Tasting Notes – Earlier Release

XO OLD FRONT

In the glass: The Rum displays itself as a very pale straw and a swirl of the glass shows that the Rum appears quite oily. A halo of Rum forms on the glass with small reluctant droplets forming and eventually falling. Aromas of ripe banana appear right away along with a prominent acetone aroma. Plastic aromas are also present and are quite aggressive. Through the plastic comes a pear drop acidity on the nose along with raisins. There are no real oak influences on the nose but very light molasses and citrus aromas are there rounded out with some white wine characteristics.

XO OLD REAR

In the mouth: There is a light oily mouthfeel to the Rum on its very calm entry. Raisins up front give way to a slight sweetness and a spicy tingle. I expected a little more fruit. The oiliness really helps disperse the light flavours throughout the mouth. The finish is relatively short and quite heated, maybe hinting that the split of older and younger Rums favours the younger components. Ripe banana is present on the finish as is that acetone in the vapours and the whole thing is over way too soon.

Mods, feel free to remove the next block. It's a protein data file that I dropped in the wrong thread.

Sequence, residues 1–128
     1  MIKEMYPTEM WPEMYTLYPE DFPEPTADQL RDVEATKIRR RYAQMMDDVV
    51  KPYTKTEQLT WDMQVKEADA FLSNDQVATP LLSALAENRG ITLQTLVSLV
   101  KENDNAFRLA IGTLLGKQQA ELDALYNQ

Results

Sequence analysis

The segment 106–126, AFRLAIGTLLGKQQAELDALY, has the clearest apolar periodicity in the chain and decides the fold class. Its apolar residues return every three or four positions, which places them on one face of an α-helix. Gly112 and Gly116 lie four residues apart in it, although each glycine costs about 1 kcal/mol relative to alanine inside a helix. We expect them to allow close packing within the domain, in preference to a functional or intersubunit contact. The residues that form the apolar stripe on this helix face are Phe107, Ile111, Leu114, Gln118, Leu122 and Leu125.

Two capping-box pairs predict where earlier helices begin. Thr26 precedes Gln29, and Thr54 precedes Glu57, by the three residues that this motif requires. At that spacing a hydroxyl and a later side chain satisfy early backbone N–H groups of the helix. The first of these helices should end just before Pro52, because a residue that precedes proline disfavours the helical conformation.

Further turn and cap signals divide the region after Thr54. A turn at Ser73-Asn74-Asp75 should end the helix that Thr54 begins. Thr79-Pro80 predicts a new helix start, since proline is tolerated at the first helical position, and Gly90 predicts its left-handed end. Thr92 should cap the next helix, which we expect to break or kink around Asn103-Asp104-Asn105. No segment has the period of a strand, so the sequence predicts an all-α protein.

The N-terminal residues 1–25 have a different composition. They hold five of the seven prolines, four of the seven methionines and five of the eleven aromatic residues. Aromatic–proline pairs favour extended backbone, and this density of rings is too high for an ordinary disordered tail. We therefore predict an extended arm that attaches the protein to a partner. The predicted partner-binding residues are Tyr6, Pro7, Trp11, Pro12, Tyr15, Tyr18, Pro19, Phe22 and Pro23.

Tasting Notes – Later Release

XO NEW FRONT

In the glass: The Rum is a light straw gold and is perhaps a shade darker than the other release. A swirl of the glass leaves a ring of very lazy and reluctant droplets that take upwards of 3 minutes to move. Very oily and very dense are words that I’d use to describe my initial observations of this Rum. Bananas, dried tropical fruit, raisins and a nice oily citrus peel show up and hint at what could appear when tasted. There is also a more prominent molasses aroma and the plastic and acetone notes are really dialled down making it far more pleasant to sit and smell. It is really well-balanced with just enough astringency to keep things interesting. There are also light caramel and creamy chocolate aromas rounding things out.

XO NEW REAR

In the mouth: The Rum shows itself as being a lot more oily and dense. It really disperses well and completely coats every bit of your mouth. There is a really good balance of sweet and spicy components on entry. There is a peppery tingle up front with citrus oil and a little oak influence showing itself. Overripe bananas, tropical fruit leathers and pleasant molasses play nicely alongside raisins, oak and light smoke. The finish is of a medium length, not too hot and is full of creamy chocolate, warming pepper and ripe banana with what feels like banana skin and citrus peel within the vapours.